If God is a superstition, so is the mystique of the benevolent state. Plain men who are blinded by envy, ignorance and resentment do not love the truth. But, they do not want to be left groping in the dark either. They want something to latch on to. They long for substitutes for the truth. Superstitions are such substitutes.
For centuries, the brightest minds have rejected God. But, it was ear in and ear out for most men. For thousands of years, the best economists and political philosophers have argued against government tyranny. But, it was ear in and ear out for almost everyone.
Why? Most people are innately predisposed to hate liberty. They are the sheep. They have no self-respect. They need someone to lead. Is it surprising that even high IQ academics like Paul A Samuelson wanted to believe that the Soviet Russia will overtake the United States? Many apparently intelligent men of his generation believed just that. When their grand experiment collapsed like a house of cards, they had to swallow their pride and admit meekly: “But, we need not go too far.” Prejudice is a disease that cannot be cured by education.
Throughout their lives, people try to prove that the world is a vindication of their adolescent fantasies.
Amidst the dullards who hate the truth, there are, of course, men who are intelligent and articulate. When they spout nonsense that the masses want to hear, the masses march behind them with loud hosannas. Their middle class readers scream on Facebook and Twitter, “You said it. You have the courage to say what dare not admit to ourselves.” But, this was precisely what almost everyone wanted to hear. Weak-hearts. They should have the honesty to admit that. They should have the courage of their own malice.
Is it even surprising that they love to believe that government-induced growth has led to vast human progress in Kerala? But, for decades, Kerala was ruled by many illiterate gentlemen from the Church of Marx. It would be an understatement that they do not have a fairly complex understanding of economic, political philosophy and allied sciences. They are Luddites. They can barely read. Is it even plausible that they have some magic formula that the developed countries are yet to grasp? It is obvious that progress is a result of complex knowledge, of having the right political framework and institutions. Empty slogans do not get anyone anywhere.
The arguments against the Kerala model were always based on what economists call “data”. But, we do not have reliable data in India. Even the best empirical studies in economics are not as good as the best arguments. But, it is clear that there can never be government-induced growth. This is not mere expert opinion. The reason is simple. The government does not produce anything. Dividing a pie does not make it any bigger than it actually is. And the pie is way too small to do anything good to the masses who might come drooling after the divided crumbs. There is no room for creative expression when you tell people what to do and what not to do. The government just creates mischief.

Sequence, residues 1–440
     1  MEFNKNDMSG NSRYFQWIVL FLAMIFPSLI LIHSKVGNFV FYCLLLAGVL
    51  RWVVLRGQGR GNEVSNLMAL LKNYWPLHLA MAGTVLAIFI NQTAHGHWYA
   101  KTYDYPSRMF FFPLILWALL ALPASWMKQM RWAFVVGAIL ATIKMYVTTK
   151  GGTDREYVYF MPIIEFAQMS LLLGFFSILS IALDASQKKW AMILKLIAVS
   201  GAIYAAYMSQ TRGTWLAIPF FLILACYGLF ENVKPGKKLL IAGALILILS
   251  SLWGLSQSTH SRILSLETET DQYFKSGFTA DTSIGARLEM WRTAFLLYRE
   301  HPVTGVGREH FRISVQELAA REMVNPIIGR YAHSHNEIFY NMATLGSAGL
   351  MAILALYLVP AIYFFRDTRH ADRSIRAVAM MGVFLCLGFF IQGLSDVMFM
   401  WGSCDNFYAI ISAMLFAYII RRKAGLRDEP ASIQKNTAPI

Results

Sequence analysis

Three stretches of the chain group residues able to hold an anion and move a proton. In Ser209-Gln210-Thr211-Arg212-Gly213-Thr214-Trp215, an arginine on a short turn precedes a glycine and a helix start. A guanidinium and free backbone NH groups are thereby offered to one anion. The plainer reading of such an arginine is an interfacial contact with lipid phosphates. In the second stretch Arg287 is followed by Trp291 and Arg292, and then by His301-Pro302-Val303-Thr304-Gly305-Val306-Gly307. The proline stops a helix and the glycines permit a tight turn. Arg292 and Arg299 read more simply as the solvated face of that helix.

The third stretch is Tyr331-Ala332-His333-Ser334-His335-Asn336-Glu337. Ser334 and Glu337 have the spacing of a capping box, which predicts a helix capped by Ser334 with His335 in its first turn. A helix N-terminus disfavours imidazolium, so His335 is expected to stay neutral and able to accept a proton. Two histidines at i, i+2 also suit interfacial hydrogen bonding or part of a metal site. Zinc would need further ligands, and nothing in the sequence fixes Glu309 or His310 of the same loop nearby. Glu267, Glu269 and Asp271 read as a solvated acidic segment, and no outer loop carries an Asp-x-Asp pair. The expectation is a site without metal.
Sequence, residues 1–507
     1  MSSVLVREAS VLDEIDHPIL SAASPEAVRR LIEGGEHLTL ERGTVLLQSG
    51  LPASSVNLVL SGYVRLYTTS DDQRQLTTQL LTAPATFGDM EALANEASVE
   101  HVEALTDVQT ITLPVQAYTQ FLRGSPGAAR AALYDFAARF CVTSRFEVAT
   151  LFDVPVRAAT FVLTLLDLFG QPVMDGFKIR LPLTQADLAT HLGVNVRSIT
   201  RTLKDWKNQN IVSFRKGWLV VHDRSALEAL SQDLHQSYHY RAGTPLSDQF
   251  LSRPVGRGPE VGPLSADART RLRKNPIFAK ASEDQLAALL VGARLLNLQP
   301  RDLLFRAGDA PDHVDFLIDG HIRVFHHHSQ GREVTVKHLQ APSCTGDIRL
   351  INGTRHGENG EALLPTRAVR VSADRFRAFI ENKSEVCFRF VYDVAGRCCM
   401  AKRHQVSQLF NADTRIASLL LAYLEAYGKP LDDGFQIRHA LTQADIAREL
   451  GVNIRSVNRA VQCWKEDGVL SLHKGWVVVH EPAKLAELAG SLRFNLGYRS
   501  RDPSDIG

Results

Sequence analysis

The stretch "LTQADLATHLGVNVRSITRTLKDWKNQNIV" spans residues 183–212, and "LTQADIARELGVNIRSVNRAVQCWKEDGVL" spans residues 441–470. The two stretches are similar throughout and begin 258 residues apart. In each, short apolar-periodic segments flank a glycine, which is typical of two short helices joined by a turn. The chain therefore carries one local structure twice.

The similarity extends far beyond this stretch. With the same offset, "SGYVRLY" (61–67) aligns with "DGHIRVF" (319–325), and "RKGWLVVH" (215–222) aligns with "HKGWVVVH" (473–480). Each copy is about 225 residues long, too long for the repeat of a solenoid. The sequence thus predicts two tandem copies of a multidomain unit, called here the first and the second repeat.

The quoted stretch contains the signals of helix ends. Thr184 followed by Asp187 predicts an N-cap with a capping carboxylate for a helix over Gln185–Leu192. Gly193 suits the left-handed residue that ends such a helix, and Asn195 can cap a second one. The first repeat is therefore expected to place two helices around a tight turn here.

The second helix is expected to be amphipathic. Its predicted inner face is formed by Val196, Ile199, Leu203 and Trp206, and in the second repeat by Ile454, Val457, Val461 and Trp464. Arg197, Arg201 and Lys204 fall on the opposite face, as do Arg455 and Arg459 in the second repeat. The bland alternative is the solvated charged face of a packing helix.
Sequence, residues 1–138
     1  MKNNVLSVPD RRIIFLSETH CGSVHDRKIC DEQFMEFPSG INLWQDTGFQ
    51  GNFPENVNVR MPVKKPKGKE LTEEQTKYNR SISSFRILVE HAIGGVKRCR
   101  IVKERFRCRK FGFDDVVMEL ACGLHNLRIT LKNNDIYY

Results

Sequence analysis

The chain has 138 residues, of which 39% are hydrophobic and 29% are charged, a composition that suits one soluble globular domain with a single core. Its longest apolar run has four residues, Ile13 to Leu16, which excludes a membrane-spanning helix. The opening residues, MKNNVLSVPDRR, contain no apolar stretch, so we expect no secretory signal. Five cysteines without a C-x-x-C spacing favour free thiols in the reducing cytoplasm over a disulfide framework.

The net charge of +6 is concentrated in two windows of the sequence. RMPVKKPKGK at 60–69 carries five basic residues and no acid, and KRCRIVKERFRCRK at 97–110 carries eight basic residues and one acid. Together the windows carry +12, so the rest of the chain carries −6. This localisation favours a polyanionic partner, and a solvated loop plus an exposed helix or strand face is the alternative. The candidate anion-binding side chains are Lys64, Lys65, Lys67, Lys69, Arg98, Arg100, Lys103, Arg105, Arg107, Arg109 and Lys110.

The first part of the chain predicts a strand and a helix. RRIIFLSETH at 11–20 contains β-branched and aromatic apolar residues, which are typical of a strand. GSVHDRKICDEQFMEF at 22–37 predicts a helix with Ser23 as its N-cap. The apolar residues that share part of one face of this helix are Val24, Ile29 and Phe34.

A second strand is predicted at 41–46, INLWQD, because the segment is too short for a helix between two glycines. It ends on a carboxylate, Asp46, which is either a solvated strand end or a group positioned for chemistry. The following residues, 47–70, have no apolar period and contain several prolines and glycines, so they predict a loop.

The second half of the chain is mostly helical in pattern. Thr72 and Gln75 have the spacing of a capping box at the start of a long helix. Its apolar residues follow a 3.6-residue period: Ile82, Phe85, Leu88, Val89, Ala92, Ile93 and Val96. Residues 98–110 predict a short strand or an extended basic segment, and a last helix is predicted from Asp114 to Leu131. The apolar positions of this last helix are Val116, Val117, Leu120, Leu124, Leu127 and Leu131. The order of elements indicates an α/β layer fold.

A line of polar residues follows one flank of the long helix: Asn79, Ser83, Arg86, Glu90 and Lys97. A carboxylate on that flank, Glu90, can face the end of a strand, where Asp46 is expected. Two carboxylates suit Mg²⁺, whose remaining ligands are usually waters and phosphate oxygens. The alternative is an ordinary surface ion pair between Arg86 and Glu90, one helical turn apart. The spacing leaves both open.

This is not new, but here are some interesting facts from Swaminathan Aiyar’s article in The Economic Times.
“Kerala has the highest crime rate of 455.8 per lakh people, over twice the national rate of 196.7 (see table). India’s crime capital is Kochi (817.9) followed by Kollam (637.3). Crimes against women in Kerala are shockingly high. The rape rate in Kerala (2.9) is almost one and a half times the national rate (2.1). The rate of assault on women with intent to outrage their modesty is 10.7 in Kerala, thrice as high as the national average (3.7). The rate of insults related to the modesty of women is 1.4, against the national 0.8. Kerala does far better than India overall in dowry deaths: its rate 0.1 against the national 0.7. Yet cruelty to women comes in at the rate of 15 per lakh population, almost double the national 8.8.”
But, there is something wrong here. The income levels in Kerala are higher than that of most other states. If that is true, Kerala cannot be the most criminal state in India. I studied in Cochin. The real estate prices in Cochin are much lower than it is in the metros, but they are higher that anywhere in the state. Cochin cannot be India’s crime capital irrespective of what the newspapers and government sources say. As Economist Bryan Caplan says:
“Turn off the news. Cancel your newspaper subscriptions. If you want to really understand your city, all you need to do is take a look at housing prices. If your house is worth a million dollars, then life in your neighborhood is excellent, and will continue to be excellent for a long time. The problems you keep complaining about are minor drawbacks for people who live in cheaper areas. If your home is worth a million dollars, these problems barely affect you at all. What makes me so sure? People don’t pay a million dollars to live in a hellhole. They don’t pay a million dollars to live somewhere that is going to be a hellhole in ten years. If popular opinion and local media imply otherwise, they’re wrong. In fact, they’re so wrong that they don’t deserve your time.”